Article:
THR: We’ve seen about eight episodes so far. Are you happy with the show or are you looking to do “more of this, less of that,” in the future?
Heller: I’m not happy. I think we’re halfway there to what the show canbe. It’s not changing the proportions of anything. It’s a massivemachine. The end result is never quite what you want; you’recompromising and working things out as you go along. So the tuningnever stops. The reason the show has been successful is what Simonbrings to it. He’s a genuine pleasure to watch. It’s not that he’sdoing technical things. He just has that spark and we try to infuse theshow with that sensibility.
THR: When you show Jane winning so much money at blackjack andhypnotizing people to do what he wants, don’t you risk turning him into too much of a superman?
Heller: There’s always a danger of that. The appeal of these kind ofcharacters is in their superiority, and in their flawed superiority. Ifhe is a superhero, he’s one with many flaws. We won’t go too far overthat line. The fascinating thing about [mentalists], when you talk tothe really good ones, they do have amazing skills.
THR: Looking at what’s working and what’s not working in primetime,what’s your take? Is there something that viewers are looking for thatnetworks haven’t clued in on?
Heller: I only know we’re doing well because people tell me so. I don’tread the numbers. When I’ve had hard times in my life, the one thingabout being in TV is that it’s positive. I withdrew to “Cheers,” it wasfamiliar in that it was family. It had a kind of realistic positivenessto it.
THR: The Red John serial killer mythology. Each episode’s title has the word “red” in it. I’m assuming that’s to suggest that no matter whatcase Jane is working on, Red John is always on his mind?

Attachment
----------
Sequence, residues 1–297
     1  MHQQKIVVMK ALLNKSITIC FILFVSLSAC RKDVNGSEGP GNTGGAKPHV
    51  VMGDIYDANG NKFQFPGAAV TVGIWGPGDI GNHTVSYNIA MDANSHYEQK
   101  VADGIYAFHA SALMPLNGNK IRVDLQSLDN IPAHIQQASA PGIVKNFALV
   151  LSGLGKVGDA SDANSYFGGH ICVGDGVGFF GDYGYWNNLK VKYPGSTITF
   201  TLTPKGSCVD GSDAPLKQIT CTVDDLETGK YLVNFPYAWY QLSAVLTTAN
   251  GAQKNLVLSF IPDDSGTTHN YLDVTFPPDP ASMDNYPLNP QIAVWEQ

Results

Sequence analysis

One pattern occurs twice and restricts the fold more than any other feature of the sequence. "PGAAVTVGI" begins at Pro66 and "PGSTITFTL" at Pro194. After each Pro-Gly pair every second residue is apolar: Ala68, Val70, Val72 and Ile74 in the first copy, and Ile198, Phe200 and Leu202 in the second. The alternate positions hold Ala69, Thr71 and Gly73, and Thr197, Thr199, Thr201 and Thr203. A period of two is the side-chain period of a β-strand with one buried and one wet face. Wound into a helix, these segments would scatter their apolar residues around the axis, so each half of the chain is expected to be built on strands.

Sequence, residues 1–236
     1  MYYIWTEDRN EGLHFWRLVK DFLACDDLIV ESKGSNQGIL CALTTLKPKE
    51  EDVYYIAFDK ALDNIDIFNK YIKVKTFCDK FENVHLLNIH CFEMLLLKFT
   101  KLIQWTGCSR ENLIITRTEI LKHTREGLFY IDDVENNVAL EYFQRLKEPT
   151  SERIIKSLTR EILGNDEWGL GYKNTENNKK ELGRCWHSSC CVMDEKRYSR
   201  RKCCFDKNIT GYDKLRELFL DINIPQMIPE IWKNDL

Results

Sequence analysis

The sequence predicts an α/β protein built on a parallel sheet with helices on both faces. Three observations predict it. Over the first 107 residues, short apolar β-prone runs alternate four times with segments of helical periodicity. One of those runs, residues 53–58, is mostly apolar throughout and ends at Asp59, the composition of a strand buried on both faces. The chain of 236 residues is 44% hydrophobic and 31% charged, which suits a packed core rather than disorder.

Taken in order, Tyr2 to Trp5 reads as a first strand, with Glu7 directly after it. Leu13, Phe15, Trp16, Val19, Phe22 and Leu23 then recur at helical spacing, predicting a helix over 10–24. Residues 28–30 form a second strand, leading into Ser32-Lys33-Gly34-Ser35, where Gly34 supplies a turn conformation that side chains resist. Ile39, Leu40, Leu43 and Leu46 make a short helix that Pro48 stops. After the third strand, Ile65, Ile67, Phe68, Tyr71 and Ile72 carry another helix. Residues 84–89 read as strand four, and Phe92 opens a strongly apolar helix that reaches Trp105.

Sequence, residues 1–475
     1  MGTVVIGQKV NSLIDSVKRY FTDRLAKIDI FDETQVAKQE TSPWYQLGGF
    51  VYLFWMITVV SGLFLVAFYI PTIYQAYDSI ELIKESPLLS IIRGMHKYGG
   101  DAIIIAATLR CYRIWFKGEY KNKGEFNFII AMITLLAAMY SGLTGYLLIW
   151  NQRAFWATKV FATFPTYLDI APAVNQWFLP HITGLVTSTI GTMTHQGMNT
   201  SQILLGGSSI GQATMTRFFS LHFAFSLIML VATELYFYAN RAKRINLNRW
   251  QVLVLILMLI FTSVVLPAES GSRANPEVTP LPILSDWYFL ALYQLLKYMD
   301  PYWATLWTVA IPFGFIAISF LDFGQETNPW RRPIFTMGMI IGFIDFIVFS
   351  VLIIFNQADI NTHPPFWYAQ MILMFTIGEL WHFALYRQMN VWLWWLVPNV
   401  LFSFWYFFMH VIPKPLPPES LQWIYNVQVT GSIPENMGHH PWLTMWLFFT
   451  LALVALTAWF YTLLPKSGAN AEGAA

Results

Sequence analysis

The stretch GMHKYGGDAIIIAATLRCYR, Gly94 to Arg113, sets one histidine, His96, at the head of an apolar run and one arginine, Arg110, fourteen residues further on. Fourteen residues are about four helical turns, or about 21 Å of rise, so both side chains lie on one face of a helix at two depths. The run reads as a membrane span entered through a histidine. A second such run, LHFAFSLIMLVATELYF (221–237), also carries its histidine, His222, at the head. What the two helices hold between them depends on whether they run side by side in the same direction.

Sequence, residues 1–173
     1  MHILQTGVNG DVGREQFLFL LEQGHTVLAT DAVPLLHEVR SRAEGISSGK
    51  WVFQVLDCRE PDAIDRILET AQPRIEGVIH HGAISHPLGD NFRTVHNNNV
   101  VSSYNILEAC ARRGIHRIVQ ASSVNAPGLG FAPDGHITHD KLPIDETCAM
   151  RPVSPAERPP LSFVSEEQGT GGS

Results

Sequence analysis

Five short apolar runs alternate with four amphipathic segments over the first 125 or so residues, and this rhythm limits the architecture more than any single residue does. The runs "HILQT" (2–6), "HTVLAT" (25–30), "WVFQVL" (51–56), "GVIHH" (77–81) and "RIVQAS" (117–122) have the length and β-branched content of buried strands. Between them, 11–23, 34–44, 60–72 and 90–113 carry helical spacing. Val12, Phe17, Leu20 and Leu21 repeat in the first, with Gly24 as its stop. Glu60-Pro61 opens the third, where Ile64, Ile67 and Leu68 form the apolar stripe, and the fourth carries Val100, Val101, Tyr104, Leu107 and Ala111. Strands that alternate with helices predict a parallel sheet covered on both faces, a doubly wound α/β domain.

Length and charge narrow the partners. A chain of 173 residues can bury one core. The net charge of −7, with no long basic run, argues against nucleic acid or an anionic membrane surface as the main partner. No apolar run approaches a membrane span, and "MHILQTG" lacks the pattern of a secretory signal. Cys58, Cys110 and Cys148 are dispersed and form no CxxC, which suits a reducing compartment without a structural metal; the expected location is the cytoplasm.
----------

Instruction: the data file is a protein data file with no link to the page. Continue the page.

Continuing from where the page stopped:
Heller: That’s right.
THR: When do you plan to resolve that story line?
Heller: It’s something that will run throughout the series — it’s aseries ender, not a season ender. There’s lot of wrinkles and twistsdown that path before we get to it. It’s the epic underpinning of theseries that gives it weight. It’s the plot version of the darknessinside the lead character and it’s important it remain a part of theshow.
THR: So by saying that, you know what that ending is?
Heller: I got the bones of it, yeah. I know where I’m taking it.
THR: Somebody (and I’m pretty sure it was “Lost” showrunner DamonLindelof talking about working on “Nash Bridges”) once said he was toldto never name a show after a character, because then they’ll have totalcontrol. Any concern about Simon Baker eventually going money or powermad?
Heller: Never name a show after a character if you want to be the guyrunning the show. But somebody has to be in charge and it might as wellbe the guy who’s doing most of the work. It can bite you in the ass,but Simon is a genuine pleasure. And people want there to be a key guyat the center. If you look at long-term successful shows, like “NCIS”or “House,” there is a key guy at the center that if you take thatperson out of the show, then, what is it?
THR: Hopefully CBS won’t have too much problem with that on “CSI.”Speaking of, now that the show is taking off, any plans to change anyof the supporting cast?
Heller: One of the things about turning an ensemble into afamily is not getting into that in my head. Then it’s like, “Ohh,wouldn’t it be great to get this person?” But if you have a family, youwouldn’t say, “Let’s lose the daughter and bring in Jamie Lynn Spears.”That stuff will happen, but organically.
THR: OK, this question is pretty fan-like, but a friend wanted me toask this, so I am: Jane’s vests. Was that actually in the scriptor…
Heller: There was a lot of discussion about wardrobe that was above mypay grade. But both Simon and I knew that Jane should have a specificlook. The thinking is these were the suits he used to wear as amentalist and he would have them dry cleaned and pressed. Now he getsthem out of the bottom of the cupboard. It’s also a magician thing.They wear vests because they need to be able to hide things.
THR: That’s a much better answer to that question than I expected.
Sign up for THR news straight to your inbox every day